"It's okay for Israel to occupy Palestine...and it's okay for the United States to occupy Iraq, but it's not okay for Syria to be in Lebanon. They're a bunch of fucking hypocrites!

"And we just need to rise up. We need a revolution--and make it be peaceful and make it be loving. Let's just show them all the love we have for humanity, because we want to stop the inhumane slaughter."

None of this is to say that Cindy has all the answers. Her frustration sometimes leads her to chastise the mass of the American people for not translating their opposition to the war into an organized movement, capable of ending the war and addressing the systemic problems.

Yet as Cindy knows better than most, the problem of the antiwar movement--as well as the fight for immigrant rights, access to abortion, rebuilding our unions, etc.--cannot simply be a question of putting more effort into the same old failing strategies.

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PERSONALLY, I don't think Cindy will be gone all that long. Her sense of justice and outrage will not allow her much rest. But for now, the rest of us have a responsibility--to neither bury, nor praise Cindy with platitudes. Rather, we have to take her ideas seriously.

We have a lot of work to do. Grassroots pressure and the horror in Iraq have finally made even hawks like Hillary Clinton sing a new song. However, even Barack Obama's plan for withdrawal from Iraq would leave tens of thousands of "non-combat troops" (whatever that means) in Iraq for the better part of the next decade.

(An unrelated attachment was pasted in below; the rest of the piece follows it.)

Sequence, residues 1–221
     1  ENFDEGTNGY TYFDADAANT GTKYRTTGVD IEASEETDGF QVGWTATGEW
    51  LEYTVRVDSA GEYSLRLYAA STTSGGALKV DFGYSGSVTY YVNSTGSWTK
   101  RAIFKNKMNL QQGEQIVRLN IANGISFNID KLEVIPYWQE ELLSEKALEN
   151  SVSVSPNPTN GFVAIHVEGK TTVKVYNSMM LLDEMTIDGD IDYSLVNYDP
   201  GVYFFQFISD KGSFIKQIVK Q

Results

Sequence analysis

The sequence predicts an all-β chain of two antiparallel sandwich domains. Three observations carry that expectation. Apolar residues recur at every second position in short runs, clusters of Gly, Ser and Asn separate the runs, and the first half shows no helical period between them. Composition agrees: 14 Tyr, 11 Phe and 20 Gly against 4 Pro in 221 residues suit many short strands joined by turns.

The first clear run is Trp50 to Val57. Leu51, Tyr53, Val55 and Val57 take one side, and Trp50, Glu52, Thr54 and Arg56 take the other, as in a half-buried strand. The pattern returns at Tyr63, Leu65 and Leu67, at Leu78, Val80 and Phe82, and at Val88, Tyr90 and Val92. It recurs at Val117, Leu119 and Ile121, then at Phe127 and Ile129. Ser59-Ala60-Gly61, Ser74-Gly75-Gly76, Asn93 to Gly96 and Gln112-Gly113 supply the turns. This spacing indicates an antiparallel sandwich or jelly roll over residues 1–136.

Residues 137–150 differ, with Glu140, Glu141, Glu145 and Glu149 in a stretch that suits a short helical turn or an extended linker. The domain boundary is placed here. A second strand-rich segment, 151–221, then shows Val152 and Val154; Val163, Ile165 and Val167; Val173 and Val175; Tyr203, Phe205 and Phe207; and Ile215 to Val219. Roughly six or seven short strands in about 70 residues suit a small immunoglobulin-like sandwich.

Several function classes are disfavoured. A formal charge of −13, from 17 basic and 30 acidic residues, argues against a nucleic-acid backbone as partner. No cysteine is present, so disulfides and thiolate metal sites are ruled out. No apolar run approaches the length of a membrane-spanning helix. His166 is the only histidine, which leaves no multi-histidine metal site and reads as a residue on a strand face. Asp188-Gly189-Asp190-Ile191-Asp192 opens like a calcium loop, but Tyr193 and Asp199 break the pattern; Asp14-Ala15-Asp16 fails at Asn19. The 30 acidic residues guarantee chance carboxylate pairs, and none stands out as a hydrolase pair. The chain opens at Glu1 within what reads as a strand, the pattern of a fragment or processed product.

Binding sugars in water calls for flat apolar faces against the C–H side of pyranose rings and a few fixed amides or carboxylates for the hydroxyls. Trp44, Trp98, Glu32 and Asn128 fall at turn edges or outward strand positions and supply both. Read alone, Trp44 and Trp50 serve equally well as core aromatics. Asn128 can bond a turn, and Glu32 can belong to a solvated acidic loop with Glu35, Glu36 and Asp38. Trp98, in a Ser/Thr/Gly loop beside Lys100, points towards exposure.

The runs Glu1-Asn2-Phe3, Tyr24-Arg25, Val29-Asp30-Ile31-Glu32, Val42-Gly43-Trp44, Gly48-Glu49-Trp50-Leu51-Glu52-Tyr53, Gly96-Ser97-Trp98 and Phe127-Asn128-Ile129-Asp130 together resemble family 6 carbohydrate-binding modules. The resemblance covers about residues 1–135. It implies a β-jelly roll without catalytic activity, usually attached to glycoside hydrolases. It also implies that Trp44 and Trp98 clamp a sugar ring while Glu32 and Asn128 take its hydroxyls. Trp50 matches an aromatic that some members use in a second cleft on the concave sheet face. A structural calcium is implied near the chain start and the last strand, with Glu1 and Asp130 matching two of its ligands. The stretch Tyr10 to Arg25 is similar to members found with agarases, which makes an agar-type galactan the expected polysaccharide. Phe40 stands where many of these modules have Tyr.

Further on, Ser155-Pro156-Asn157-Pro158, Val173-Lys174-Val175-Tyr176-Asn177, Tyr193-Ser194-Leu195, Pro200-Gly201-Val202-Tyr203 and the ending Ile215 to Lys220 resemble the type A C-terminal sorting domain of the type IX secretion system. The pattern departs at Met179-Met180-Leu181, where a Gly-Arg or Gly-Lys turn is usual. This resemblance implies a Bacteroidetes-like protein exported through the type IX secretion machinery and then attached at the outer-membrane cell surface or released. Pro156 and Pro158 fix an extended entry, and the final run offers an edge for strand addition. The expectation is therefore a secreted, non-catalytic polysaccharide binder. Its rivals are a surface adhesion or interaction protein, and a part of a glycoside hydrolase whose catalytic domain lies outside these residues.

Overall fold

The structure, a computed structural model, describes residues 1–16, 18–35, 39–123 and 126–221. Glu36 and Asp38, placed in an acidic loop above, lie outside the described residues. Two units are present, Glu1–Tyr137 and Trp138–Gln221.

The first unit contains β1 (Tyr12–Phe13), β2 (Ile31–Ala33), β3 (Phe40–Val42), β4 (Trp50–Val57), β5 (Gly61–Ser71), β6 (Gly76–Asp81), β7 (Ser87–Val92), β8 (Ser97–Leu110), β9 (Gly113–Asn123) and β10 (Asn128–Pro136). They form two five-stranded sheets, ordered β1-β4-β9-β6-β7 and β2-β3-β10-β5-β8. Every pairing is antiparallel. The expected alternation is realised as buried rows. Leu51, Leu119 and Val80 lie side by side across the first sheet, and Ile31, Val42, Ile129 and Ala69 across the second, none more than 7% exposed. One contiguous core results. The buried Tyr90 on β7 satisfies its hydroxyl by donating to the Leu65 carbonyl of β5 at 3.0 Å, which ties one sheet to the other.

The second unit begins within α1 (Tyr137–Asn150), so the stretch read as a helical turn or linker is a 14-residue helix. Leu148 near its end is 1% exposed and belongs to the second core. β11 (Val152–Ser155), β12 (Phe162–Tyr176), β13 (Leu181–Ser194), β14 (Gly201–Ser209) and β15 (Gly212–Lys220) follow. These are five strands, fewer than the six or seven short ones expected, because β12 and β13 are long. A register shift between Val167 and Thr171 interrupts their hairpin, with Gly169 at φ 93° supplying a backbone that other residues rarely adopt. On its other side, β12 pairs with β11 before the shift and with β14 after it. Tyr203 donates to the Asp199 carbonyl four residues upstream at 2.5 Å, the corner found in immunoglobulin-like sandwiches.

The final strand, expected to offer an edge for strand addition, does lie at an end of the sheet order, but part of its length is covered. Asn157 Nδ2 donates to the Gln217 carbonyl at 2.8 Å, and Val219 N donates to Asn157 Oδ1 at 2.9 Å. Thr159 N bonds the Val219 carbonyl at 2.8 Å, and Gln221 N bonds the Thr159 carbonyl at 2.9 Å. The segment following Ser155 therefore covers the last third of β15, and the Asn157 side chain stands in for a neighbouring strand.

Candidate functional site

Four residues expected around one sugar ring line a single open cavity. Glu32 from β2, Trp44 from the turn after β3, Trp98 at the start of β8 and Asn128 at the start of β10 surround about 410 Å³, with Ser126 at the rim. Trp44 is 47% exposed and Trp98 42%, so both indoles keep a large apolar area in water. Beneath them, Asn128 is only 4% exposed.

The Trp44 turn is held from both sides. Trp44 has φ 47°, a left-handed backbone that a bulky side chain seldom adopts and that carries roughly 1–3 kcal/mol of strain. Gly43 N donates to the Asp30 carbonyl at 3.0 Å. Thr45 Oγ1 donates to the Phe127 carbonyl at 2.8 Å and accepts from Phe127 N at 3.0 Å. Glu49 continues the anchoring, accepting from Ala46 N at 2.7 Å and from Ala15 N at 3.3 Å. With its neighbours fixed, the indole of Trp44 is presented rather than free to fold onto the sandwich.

More to the point, we can't wait for 2008. At the current rate, there will be more than 5,000 dead American troops and well over 1 million dead Iraqis by then.

It's been a terrible six years. But the tide is finally turning. The Bush administration has plummeted to Richard Nixon-like lows in popularity, the Democrats are under fire for their surrender on war spending on a scale that they never expected, and there are signs that the antiwar movement is gaining new strength at the grassroots--that at last, the overwhelming public sentiment against the war can be translated into active opposition.

We owe Cindy, and her son Casey, a debt of gratitude in helping spark the painfully slow combustion of the neocons. But more than that, we owe Cindy and all the other military family members, our troops in Iraq, the Iraqi people and ourselves a movement that is stronger, louder, better-organized and more self-confident--so we can welcome Cindy back with open arms in the months ahead.